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A look back at 2017

This week, the Confectionery Production team are busy pressing the December 2017/January 2018 issue, which has got me thinking about this year’s key trends.

The move to reduce sugar in food and drink, including confectionery and chocolate, has somewhat stepped up a gear this year, particularly in the UK. Public Health England (PHE) is encouraging manufacturers to reduce sugar in their products by 20% by 2020. Not only is this resulting in a raft of new product development and reduced portion sizes, it has also spurred the development of alternative flavouring solutions that provide the sweet taste consumers are looking for, without the high sugar content.

Indeed, mindful choices is among the key food drivers for 2018, according to Innova Market Insights, with seven in 10 US and UK consumers wanting to know and understand the ingredients that go into the products they buy.

Lu Ann Williams, director of innovation at Innova Market Insights, says, “Today’s consumer displays a high level of mindfulness about well-being and the environment. So, it is no surprise that consumers are becoming increasingly mindful in their food choices, wanting to know what is in their foods in order to make decisions about health, sustainability and ethical issues.”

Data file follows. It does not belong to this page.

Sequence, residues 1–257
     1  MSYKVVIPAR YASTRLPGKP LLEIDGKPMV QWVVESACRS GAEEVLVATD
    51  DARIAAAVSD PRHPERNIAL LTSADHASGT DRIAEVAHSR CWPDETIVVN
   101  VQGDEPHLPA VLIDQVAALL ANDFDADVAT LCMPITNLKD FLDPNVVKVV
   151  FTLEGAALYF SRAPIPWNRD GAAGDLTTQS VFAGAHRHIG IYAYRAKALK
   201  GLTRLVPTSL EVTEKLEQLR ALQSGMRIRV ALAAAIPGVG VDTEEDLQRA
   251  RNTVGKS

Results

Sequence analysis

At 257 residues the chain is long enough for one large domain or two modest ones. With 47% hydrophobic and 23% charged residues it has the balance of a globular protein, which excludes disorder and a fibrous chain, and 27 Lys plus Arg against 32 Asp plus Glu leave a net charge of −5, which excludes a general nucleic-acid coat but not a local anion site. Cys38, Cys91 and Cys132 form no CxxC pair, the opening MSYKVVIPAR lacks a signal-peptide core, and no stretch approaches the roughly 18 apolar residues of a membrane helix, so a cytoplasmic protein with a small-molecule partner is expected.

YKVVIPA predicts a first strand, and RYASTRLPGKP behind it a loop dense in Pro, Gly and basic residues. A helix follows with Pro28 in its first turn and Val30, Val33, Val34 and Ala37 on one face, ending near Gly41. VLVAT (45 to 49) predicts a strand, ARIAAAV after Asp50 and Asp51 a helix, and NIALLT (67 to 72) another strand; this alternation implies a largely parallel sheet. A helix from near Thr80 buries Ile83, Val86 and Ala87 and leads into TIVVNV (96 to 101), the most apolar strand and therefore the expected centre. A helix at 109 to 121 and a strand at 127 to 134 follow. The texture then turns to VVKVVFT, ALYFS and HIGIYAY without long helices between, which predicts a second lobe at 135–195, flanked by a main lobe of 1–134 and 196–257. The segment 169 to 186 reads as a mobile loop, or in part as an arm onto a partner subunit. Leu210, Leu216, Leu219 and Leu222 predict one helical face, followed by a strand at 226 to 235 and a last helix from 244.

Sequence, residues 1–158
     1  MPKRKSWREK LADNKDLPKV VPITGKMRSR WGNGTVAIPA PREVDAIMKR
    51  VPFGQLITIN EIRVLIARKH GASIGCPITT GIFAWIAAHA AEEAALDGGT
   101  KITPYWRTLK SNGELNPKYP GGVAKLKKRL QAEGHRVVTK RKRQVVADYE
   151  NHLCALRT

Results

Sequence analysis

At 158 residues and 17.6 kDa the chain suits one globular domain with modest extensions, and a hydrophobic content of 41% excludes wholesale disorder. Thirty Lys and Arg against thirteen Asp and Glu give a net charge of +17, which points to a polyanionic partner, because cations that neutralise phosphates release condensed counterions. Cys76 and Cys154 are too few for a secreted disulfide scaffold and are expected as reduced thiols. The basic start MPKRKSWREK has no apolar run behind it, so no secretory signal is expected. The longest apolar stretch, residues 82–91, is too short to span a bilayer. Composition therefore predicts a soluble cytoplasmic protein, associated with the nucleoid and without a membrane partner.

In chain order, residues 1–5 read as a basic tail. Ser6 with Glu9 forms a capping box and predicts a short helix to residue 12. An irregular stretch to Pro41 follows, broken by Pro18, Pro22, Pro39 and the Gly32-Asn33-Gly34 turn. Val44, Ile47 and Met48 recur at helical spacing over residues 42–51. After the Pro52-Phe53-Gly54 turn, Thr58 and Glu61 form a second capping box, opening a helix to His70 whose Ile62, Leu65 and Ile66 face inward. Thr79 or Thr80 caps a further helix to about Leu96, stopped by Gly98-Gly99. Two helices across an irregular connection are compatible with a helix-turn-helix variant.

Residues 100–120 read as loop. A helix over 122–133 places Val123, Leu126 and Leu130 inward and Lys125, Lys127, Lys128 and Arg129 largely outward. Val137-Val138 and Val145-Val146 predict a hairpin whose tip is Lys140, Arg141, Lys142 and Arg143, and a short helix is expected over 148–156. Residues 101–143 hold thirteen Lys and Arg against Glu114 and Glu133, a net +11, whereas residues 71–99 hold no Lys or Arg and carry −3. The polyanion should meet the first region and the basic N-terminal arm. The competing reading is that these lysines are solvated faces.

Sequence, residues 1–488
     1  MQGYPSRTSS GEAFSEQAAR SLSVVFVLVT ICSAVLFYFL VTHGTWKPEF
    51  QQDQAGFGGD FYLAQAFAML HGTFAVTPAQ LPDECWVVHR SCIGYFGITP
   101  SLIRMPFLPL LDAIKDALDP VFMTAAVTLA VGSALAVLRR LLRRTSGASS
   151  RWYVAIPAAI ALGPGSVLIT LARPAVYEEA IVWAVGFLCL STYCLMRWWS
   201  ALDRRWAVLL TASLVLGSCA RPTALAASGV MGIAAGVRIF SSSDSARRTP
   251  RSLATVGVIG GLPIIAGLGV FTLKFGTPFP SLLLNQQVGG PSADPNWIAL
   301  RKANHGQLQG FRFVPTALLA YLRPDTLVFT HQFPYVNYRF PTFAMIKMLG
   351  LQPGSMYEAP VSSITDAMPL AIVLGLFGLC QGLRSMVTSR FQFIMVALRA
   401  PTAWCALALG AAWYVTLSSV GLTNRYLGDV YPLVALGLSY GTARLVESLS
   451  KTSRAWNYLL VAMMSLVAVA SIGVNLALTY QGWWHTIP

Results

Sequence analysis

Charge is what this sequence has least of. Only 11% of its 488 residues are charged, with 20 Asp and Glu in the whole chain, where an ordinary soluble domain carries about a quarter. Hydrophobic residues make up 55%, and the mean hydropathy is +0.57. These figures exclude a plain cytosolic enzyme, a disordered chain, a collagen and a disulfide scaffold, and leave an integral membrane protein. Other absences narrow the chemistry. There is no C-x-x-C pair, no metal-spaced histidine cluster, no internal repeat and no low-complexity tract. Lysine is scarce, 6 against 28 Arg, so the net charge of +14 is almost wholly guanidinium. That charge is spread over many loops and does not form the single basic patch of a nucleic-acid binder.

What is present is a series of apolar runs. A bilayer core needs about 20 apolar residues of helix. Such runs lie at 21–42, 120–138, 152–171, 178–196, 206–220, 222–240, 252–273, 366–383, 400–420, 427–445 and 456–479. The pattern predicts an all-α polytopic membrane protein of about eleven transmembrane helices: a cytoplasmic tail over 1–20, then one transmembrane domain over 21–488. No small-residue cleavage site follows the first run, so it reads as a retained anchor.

In terms of processing and packaging equipment, automation continues to play an important role in confectionery production as the need to manufacture increasing volumes of product more efficiently has never been greater. This has been demonstrated at many of the conferences and exhibitions the team have attended this year, including ProSweets, Interpack, Gulfood Manufacturing.

Not only has the team been looking back at this year’s key trends, but we’ve also been reporting on the top trends to watch in 2018. Green banana flour is among the four key ingredients that are expected to excel across Europe in 2018, according to global research firm Mintel, while Pladis has revealed its insights into ‘the new breed of snackers’ in the UK, with younger consumers snacking more than any previous generation. This, the snacking company says, is triggered largely by the erosion of traditional food rituals such as set meal times; with Pladis seeing the emergence of the ‘fourth meal’.

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